MEDITATION AND MINDFULNESS; Tools for Successfully Navigating Pond Draining and other Challenging Events

Many of us have gotten knocked around in the past two weeks and have experienced deep fear, shock, and high anxiety about what is to come.  It is a time of Fear and Loathing in the words of Hunter S. Thompson.

This is a time that many of us are waking up. But we must manage ourselves so we can rest and restore, and operate from a place of thoughtful calm, rather than fiery reaction and panic.  A Meditation and Mindfulness practice will get you there, will soothe your crackly synapses and smooth out fury and indignation in your heart.

New Yoga students come to me and tell me they aren’t flexible enough to do Yoga. New Meditation students tell me that they can’t meditate because they can’t stop thinking.

Pish Posh, Grasshopper. With a little practice you’ll be meditating like a Boss.

First, it’s helpful to understand the job of that gray matter in your skull cavity.

Your brain is a tool meant to solve problems and figure out puzzles. When you’re trying to enjoy a cup of tea with a childhood friend, your brain may feel happy to splash about for a while in happy memories. Then it may become bored and wander off and you suddenly have trouble staying focused on the conversation at hand.  Suddenly, you’re making shopping lists and trying to remember how much time you have on the meter. It’s unproductive. It’s distracting.  Your tool, your brain, has gone off on its own walk-a-bout.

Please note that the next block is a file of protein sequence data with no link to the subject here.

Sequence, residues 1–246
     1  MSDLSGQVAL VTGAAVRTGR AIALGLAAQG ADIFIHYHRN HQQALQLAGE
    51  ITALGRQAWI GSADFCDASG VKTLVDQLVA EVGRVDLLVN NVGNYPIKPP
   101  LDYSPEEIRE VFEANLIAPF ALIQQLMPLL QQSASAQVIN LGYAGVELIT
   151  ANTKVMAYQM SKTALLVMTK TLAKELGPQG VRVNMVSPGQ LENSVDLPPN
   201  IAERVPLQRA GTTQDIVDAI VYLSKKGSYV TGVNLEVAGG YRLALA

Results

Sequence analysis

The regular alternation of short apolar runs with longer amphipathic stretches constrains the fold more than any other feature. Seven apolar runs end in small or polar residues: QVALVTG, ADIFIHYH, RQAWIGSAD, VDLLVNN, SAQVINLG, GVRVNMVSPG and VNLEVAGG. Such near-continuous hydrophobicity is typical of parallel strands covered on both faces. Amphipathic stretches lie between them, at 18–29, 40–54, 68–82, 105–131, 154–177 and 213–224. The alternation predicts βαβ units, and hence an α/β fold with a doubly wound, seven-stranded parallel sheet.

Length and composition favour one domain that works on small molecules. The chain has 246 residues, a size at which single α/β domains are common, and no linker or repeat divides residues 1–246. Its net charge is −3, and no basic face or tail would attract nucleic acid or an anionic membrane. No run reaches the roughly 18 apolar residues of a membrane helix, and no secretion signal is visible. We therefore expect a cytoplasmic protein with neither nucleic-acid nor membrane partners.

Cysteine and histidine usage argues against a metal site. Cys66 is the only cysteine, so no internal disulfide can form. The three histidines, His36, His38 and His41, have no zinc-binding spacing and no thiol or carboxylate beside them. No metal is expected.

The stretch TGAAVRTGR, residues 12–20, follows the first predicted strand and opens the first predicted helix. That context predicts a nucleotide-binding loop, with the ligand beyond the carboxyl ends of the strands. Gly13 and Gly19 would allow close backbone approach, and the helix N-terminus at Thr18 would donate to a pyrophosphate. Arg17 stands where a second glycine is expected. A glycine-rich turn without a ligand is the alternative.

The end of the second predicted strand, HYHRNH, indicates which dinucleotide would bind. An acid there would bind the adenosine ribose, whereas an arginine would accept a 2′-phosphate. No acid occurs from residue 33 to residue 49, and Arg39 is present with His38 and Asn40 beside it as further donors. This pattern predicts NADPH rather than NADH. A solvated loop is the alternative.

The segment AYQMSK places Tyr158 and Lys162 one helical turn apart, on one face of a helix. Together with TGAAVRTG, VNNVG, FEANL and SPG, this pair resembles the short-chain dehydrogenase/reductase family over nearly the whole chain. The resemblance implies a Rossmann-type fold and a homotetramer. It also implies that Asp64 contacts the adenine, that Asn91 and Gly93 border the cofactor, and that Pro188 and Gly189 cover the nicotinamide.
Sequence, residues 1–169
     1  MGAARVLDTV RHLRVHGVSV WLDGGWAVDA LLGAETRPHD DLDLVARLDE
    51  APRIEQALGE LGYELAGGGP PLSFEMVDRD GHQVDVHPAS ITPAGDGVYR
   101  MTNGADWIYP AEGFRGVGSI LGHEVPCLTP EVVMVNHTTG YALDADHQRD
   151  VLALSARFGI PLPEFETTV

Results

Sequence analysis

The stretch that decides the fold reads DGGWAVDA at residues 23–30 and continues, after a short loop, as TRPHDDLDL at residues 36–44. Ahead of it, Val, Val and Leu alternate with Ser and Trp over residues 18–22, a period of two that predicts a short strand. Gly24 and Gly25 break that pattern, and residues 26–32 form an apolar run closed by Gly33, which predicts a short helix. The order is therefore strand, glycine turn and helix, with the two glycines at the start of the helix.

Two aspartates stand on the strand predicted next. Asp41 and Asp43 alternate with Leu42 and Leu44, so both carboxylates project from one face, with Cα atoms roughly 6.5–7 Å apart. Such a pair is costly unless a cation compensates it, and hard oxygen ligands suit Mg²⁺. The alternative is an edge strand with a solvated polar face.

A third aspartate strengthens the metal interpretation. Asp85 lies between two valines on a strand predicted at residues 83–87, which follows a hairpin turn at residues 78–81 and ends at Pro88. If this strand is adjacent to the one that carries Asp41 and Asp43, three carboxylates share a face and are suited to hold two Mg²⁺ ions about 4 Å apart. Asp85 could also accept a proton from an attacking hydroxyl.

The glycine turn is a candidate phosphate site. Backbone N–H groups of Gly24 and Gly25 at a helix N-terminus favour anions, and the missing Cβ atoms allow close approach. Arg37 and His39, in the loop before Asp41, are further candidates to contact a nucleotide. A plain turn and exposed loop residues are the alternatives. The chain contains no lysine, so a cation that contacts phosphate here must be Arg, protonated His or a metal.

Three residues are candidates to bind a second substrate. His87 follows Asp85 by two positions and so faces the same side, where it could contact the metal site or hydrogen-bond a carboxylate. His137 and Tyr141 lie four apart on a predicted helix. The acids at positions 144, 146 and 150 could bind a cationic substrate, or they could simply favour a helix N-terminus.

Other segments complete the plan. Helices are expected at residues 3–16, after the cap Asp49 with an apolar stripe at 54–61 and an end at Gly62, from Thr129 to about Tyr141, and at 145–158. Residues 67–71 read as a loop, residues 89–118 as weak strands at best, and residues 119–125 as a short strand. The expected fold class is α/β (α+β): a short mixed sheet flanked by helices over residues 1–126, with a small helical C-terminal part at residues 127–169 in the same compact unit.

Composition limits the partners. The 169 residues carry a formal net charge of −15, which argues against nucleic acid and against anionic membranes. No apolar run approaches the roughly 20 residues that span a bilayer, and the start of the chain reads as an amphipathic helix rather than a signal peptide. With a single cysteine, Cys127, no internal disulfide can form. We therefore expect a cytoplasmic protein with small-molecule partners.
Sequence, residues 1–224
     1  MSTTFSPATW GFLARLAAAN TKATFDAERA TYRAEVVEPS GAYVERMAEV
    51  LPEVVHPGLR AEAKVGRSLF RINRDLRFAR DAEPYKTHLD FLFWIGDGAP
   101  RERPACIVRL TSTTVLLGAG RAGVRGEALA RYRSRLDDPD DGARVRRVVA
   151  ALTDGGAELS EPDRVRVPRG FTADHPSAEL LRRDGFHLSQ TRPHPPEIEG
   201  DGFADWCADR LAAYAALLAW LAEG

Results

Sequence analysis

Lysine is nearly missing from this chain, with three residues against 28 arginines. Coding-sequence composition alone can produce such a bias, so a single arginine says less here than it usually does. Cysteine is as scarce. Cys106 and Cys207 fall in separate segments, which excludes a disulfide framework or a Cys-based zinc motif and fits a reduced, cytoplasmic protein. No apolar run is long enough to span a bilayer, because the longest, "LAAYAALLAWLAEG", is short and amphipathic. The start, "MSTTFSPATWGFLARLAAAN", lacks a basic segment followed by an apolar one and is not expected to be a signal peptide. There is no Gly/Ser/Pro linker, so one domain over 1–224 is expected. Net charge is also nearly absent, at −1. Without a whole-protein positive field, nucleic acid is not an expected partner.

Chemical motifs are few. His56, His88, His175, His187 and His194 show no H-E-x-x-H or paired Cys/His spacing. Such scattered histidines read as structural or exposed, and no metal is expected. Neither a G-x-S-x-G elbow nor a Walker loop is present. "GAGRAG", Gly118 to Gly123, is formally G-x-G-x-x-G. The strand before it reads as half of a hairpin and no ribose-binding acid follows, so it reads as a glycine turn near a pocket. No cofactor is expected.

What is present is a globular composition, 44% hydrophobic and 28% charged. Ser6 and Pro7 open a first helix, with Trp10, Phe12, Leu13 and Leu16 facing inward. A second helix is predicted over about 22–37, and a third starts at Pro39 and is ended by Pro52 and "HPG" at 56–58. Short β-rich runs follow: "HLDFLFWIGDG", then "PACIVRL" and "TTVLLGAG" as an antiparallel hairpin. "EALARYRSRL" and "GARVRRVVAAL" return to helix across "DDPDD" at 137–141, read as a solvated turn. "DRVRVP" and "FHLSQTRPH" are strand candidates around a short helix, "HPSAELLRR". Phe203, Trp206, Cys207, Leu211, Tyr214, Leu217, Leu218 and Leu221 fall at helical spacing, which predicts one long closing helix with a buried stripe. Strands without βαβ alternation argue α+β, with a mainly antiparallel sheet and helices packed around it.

It’s called Chitta Vritti – or Monkey Mind.  Chatter.  Chitta Vritti is a meaningless cacophony of thoughts and noise in a brain that needs to be taken, like a wiggly overtired toddler, and shown how to sit quietly for a while.  Remember all the times you’ve driven to work without paying attention?  What about staring out the window at school?  30 minutes, an hour passes.  Your mind took a chill pill and went on autopilot while it performed a repetitive task that it has performed a hundred times before. You meditated yourself to work or through class.  (Just so I’ve said it, please don’t meditate in the car unless someone else is driving).

There are many types of meditation, and it’s worth experimenting until you find a method that resonates with you. I find that when people understand that their brain simply needs a little training and discipline to learn how to be still, that seems to open up the potential that yes, we can all meditate.

I’m going to mention Mindfulness here as well. Both are different, but very useful in settling your fiery systems down. Mediation and Mindfulness are both being used very successfully in treating Vets with PTSD.  Recently, the military also started using these techniques to help soldiers that are repeatedly deployed so they can function.  This stuff works.

An important place stepping off place for either a Mindfulness or Meditation practice is the knowledge that in this moment, right now, in this unburdened moment we are fine. It’s true. You may internally combust in the next three seconds, in six hours you could get hit by a bus, but right here, right now, we all are just fine. Right now, all is cool, cool, cool.

So with that in mind, this moment, and then this moment, and then this moment, we are safe. We are well. We are breathing. We are not in flames.